Senator Ernie Chambers is committed to passing legislation that would legalize doctor prescribed suicide in the state of Nebraska. The Omaha Senator said he is willing to endure a long journey to see this type of legislation passed.
In early April, near the end of the 2016 legislative session, Sen. Chambers attempted to convince State Senators to pull his assisted suicide bill, LB1056, out of Judiciary Committee and place it on the floor of the Legislature for debate. He needed 25 votes but only 9 Senators voted in favor of the attempt.
Sen. Chambers believes doctor prescribed suicide is a compassionate option for the terminally ill and suffering. I would agree that patients who are confronting terminal illness should receive all of the mental and physical treatment they need and want to improve.
The compassionate choice is to treat illnesses and pain, not prescribe death.
Senator Mike Gloor from Grand Island is a retired hospital administrator. During the debate, he said he could not support the bill because:
“Science has made great advances in palliative care and pain control so people don’t need to suffer. We do not need to make the leap to assisted suicide.”
I had the opportunity to interview J.J. Hanson, a Marine Corps veteran who beat one of the most aggressive forms of cancer known to man and is now working to defeat doctor prescribed suicide legislation.
Hanson faced the same diagnosis as Brittany Maynard, who elected to end her own life rather than continue her battle against an aggressive tumor.
A biopsy of J.J.’s brain revealed the worst possible news, growing in the vet’s temporal lobe was an aggressive form of cancer capable of doubling in size in just two weeks.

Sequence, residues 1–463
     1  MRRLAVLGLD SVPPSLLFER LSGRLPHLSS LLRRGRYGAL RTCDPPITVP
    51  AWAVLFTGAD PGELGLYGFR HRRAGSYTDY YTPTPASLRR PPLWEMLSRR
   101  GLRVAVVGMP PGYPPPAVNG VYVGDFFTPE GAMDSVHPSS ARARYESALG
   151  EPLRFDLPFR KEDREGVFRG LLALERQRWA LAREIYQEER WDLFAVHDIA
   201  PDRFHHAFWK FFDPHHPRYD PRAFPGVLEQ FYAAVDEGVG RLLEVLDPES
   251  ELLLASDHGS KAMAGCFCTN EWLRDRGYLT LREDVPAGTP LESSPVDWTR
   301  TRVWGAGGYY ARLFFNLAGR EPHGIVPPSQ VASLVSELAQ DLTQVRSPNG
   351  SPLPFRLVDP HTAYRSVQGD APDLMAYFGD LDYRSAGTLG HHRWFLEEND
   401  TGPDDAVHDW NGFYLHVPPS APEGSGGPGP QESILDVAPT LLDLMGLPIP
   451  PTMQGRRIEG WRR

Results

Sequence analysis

It was devastating news to Kris Hanson when doctors stated that her husband and the father of their young son had only a few months to live. Based on the size and growth rate of this kind of cancer, doctors believed he had four to twelve months to live. Doctors suggested J.J.and Kris try to enjoy the time they had left.
As he was going through a difficult period in his recovery, Hanson was watching Brittany Maynard’s story unfold. Hanson said he was concerned the Maynard case was normalizing assisted suicide. “People who wanted to fight and live were now being told, ‘Well, you have no options, why don’t you choose assisted suicide?’” This was “a huge danger,” Hanson said.
Two years after his initial diagnosis and the rejection doctor prescribed suicide, J.J. Hanson’s cancer continues to be in remission.
Oregon passed the Death with Dignity Act (DWDA) in the fall of 1997 and they release an annual report that summarizes a variety of data.
In the 2015 report it was revealed that 50% of the people who were told they had less than 6 months to live, lived between 11 months and 10 years.
It is commonly known that half of all people who die by suicide suffer from major depression. One of the causes of depression can be a major event, like being diagnosed with a terminal illness.
Yet in the 2015 Oregon report it stated, 106 physicians wrote 218 suicide prescriptions. Of the 218 people who received these prescriptions only 5 were first referred for psychological or psychiatric evaluation – less than 2.3%.
Calling a prescription for suicide a medical treatment is unethical and unnecessary. It tells people like JJ Hanson that his tomorrow is worth less than another’s because of an illness. This is unacceptable and bad policy for the state of Nebraska.